By Gary Landsman
Purim is a holiday of confusion and allusion, where nothing is really “normal”.
Which got me thinking, that maybe I should relinquish typical wines in favor of more unusual ones this Purim. And these days we have many unusual wines, made from grapes that are not nearly as popular as the Cabernets, Merlots, or Chardonnays. What is interesting is that many of these unusual grapes (AKA “varietals”), have been around much longer than the more typical ones. And many of the wines made from these varietals come from grapes whose vines have been around for a long time. These “old vine” wines are generally extracted as the older vines produce fewer and often times smaller berries. Their roots are deeply entrenched in the soil, which enables them to survive without irrigation (called “dry farmed”). And the wines produced from said grapes are often quite elegant and complex. Making these unusual wines some of the best buys on the market.
The first wine that comes to mind comes from old vines here in the U.S. The most common old vines here are the Zinfandel vines in California. And an underappreciated wine is the Baron Herzog “Old Vine Zin”, from vines over 60 years old. Zinfandel wines have a unique flavor profile that often reminds people of things such as boysenberry, dried plums or blackberry jam. These ripe fruit flavors pair beautifully with wintertime stews.
The next two wines come from Israel, a location where they were making wines 3,000 years ago. No, the old vine wines from Israel are not that old. Muslim rule in the area saw to it that all vines were uprooted so that no alcoholic beverages could be produced. And while the modern wine revolution in Israel dates back to the late 1800’s, Israel did not truly begin producing world-class wines until about 20 years ago.
So the Carmel Old Vine Petite Sirah, from 25 plus year old vines in the Judean Hills region means these vines pre-date the quality wine revolution in Israel. These vines were actually forgotten about for several years and as wine production became hot the grape grower reintroduced some forgotten about grapes. Petit Sirah is commonly used as a grape to blend with other grapes, but the fruit on these vines were deemed worthy of making their own wine. This deep purple and tannic wine is like a wine on steroids. Very big, chewy and delicious – you’ll definitely want to pair it with a roast.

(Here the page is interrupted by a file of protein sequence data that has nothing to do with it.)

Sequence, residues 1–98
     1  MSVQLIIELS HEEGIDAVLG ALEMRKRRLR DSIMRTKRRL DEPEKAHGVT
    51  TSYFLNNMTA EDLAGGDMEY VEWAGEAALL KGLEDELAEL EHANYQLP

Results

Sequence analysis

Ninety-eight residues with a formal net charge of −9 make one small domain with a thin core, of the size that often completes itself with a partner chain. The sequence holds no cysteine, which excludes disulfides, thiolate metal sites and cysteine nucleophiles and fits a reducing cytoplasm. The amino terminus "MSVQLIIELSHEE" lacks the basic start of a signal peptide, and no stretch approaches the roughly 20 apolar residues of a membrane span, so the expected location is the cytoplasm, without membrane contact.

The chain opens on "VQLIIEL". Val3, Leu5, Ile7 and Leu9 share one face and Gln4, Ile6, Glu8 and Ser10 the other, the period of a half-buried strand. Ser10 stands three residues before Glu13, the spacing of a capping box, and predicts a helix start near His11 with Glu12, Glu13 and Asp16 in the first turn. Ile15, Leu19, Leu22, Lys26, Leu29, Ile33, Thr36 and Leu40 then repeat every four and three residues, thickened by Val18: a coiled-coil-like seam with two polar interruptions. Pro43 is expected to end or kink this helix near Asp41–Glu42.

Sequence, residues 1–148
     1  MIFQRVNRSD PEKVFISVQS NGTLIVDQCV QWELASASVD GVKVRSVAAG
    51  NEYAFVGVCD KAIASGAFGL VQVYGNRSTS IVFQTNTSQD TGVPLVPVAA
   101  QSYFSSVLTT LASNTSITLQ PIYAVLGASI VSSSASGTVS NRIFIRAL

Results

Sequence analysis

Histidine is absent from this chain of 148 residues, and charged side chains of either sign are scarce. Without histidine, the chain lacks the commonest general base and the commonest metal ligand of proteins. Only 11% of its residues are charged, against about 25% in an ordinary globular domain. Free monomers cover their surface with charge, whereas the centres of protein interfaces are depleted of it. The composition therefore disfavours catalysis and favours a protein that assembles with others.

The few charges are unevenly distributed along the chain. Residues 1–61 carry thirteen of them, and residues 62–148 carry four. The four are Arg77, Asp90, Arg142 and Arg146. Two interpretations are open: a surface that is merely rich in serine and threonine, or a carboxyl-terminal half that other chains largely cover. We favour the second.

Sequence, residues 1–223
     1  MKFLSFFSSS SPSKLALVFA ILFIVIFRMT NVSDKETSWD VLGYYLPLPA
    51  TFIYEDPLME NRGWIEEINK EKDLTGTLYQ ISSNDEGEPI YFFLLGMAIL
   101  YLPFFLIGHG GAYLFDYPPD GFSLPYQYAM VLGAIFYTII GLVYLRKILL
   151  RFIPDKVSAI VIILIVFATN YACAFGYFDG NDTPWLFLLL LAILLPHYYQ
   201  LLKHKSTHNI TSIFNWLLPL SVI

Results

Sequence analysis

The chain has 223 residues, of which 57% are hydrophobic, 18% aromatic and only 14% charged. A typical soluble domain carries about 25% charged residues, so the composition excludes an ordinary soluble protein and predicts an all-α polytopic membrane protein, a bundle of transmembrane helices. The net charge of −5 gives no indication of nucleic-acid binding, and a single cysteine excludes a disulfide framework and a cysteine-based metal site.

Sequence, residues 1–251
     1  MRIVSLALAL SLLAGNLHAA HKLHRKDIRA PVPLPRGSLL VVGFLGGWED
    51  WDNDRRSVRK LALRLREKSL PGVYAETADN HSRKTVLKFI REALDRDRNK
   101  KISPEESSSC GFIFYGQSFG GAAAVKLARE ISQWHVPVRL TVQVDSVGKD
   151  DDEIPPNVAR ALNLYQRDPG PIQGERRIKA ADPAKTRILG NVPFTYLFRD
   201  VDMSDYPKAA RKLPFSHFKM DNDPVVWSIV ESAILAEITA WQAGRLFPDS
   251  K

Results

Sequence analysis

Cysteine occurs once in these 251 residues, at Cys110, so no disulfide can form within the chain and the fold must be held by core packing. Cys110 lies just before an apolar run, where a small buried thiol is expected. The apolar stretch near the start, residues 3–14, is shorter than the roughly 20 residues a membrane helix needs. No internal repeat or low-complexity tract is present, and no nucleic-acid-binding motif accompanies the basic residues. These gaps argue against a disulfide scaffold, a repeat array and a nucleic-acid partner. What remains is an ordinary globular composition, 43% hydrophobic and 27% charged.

Another old vine wine produced by Carmel is the Old Vine Carignan. These vines are even older than the Petite Sirah at over 30 years old, and are located in Zichron Yaakov not far from Israel’s oldest winery. The interesting story with this vineyard is that the Carignan vine produces a lot of bunches of grapes relative to other varietals. At the time the farmers were getting paid by weight, so naturally they would plant vines that produce a lot of fruit. Years passed and vineyards were uprooted in favor or more popular varietals such as Cabernet Sauvignon and Merlot. But this particular vineyard in Zichron was overlooked. And when they realized it was still there, the immediately knew were sitting on something special.
The Carmel Old Vine Carignan is an elegant, medium bodied wine with cherry and coffee/mocha aromas. Rich yet delicate berry flavors and a long finish make this unique wine perfect for chicken, meat or pasta dishes.
Rounding out our unique varietals is Garnacha (as it is known in Spain) or Grenache. The Capcanes Peraj Petita has about 2/3 Garnacha from vines that are as much as 50 years old. This Spanish Co-op has been in the wine business for over 100 years, but only started making wine in the mid 1990’s. Their first wine, the Peraj Ha’abib immediately won accolades, and the market begged for a more affordable wine. Priced at around $20/bottle, the Petita is a fresh and lively wine with floral aromas and both berry and spice flavors. The refreshing acidity of this wine makes it a great pairing for all kinds of foods as well as a wine that is a great sipper on its own.
These old vine unusual varietal wines will surely lead to great conversation this Purim, so much so that you may decide they are worthy of your regular Shabbos or Yom Tov table…